Pharmacy has a lot to learn from the Sensaslim debacle—but is it interested in doing so? wonders Ian Carr
A short few years ago, one Groundhog Day in the diet industry, a revolutionary product was launched in Australia to much media fanfare.
It came as no surprise to learn of successful clinical trials, a mysterious but miraculous mode of action, no effort on the dieter’s part, and no side effects except for the possible thinning of wallets and the bizarre case of a jockey who shrank so fast he was disqualified from a big race.
As to foul play, no one appeared to suspect a thing. The Therapeutic Goods Administration listed the product. Ads were approved, the media schmoozed, testimonials flowed and the national IQ dropped by a couple of points. Sales went through the roof.
SENSASLIM was a winner. A retailer’s bonanza.
In the fullness of time, it was revealed that Sensaslim was a scam developed by the serial fraudster Peter Foster, who had been entertaining us with similar schemes since Bai Lin Tea in the 1980s.
Mr Foster had attempted to disguise his hand in the aforementioned proceedings. Once unmasked, he was accommodated at Her Majesty’s pleasure.
The whole sorry business was a messy beetroot stain on the shirt of the TGA’s regulatory system and an apparent failure of pharmacy to put professional, scientific and ethical considerations above profit.
Some pharmacists were falling over themselves to purchase a distribution agency for Sensaslim at $60,000. A TGA submission by A/Prof David Newby revealed that 90% of Sensaslim outlets were pharmacies.
Many questions remain unanswered.
How on earth did this product tick all the boxes to get to market?
Unfortunately, history has taught us to expect total inadequacy from the TGA’s “listing” system which is tasked with regulating complementary, alternative and fraudulent medicines. Listing can be achieved without any prior regulator assessment of efficacy.
Launched in February, 2011, the confidence scam Sensaslim was not delisted until November of that year.
Did none of the pharmacist distributors do any form of due diligence?
Was it not enough that the product’s claims were outrageous and implausible? Or that no clinical trials had been published in peer-reviewed journals?
When consumer superhero Dr Ken Harvey very promptly drew attention to the nature of the Sensaslim promotion—around March 2011—did any pharmacy accept their culpability in the fraud, and cease stocking it?
Despite Sensaslim’s November delisting, pharmacies continued to sell the item, arguing that it had not been recalled!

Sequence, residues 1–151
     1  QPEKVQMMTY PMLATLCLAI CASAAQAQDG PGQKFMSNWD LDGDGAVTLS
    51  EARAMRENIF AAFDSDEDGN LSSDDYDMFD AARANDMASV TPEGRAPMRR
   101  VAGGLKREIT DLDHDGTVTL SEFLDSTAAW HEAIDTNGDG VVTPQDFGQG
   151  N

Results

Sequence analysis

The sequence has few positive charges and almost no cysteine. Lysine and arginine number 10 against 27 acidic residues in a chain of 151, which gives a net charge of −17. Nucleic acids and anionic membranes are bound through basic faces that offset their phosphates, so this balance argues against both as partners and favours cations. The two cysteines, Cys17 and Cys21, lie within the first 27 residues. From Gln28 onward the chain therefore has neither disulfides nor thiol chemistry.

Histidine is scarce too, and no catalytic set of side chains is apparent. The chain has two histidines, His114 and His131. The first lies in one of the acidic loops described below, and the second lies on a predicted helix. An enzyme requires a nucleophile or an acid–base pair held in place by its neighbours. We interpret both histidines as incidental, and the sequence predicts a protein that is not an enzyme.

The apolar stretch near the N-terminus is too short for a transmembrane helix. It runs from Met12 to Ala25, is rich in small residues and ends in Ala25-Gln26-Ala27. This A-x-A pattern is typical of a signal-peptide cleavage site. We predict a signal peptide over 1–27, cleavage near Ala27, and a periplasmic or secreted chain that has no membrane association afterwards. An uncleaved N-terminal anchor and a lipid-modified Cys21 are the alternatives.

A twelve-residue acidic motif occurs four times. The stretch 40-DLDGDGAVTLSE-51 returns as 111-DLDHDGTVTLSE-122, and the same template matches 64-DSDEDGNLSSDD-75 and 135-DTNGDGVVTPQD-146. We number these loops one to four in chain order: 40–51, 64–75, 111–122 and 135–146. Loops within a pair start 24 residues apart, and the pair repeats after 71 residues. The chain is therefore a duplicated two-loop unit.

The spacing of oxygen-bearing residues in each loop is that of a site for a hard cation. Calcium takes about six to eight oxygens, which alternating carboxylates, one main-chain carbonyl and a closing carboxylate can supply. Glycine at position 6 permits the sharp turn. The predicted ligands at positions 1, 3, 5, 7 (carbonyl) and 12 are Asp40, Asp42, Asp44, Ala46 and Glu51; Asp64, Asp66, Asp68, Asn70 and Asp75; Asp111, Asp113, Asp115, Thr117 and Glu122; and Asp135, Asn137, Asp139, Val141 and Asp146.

If the nature of this and previous frauds was sufficient to consign Mr Foster to jail, why were his accomplices—his retailers—let off scot-free?
Was Mr Foster’s crime merely stepping over some invisible and indeterminate line: that his claims were just that little bit too outlandish? After all, pharmacy shelves are still bulging with products whose diet claims are only a cat’s whisker more plausible or evidenced than those of Sensaslim.
Surely, community pharmacy must ask itself: has our current unquestioning and undiscerning support for the supplement industry become a Faustian bargain, threatening our reputation with other health professions and the science-literate public?
For too long, the supplement industry has been basking in the reflected glow of our profession’s hard won public respect.
With the increasing aggression of its slick marketing and lack of evidence for its claims, it is time for a divorce. The time is past for the fallback position of “if it’s legal we’ll sell it.”
The Sensaslim debacle should have ensured that.
The Pharmacy Board of Australia’s Code of Conduct states:
“2.2 Good Care (requires)
“h. providing treatment options based on the best available information and not influenced by financial gain or incentives…
“n. practicing in accordance with the current and accepted evidence base of the health profession, including clinical outcomes…
“p. facilitating the quality use of therapeutic products based on the best available evidence and the patient or client’s needs.”
Given the clarity and intent of this Code, are there any pharmacists seriously willing to put their hand on their heart and attest to the evidence base of “detox” and “immune boosting”, “fat blasting”, magnet therapy, or gummy lollies disguised as health foods?
Let us keep faith with the new generations of pharmacists, whose excellent training in science and the evidence base should not be compromised by the promotion of non-science (or nonsense!) in community pharmacy.
Ian Carr, from Saxby’s Pharmacy in Taree, NSW, is a member of Friends of Science in Medicine.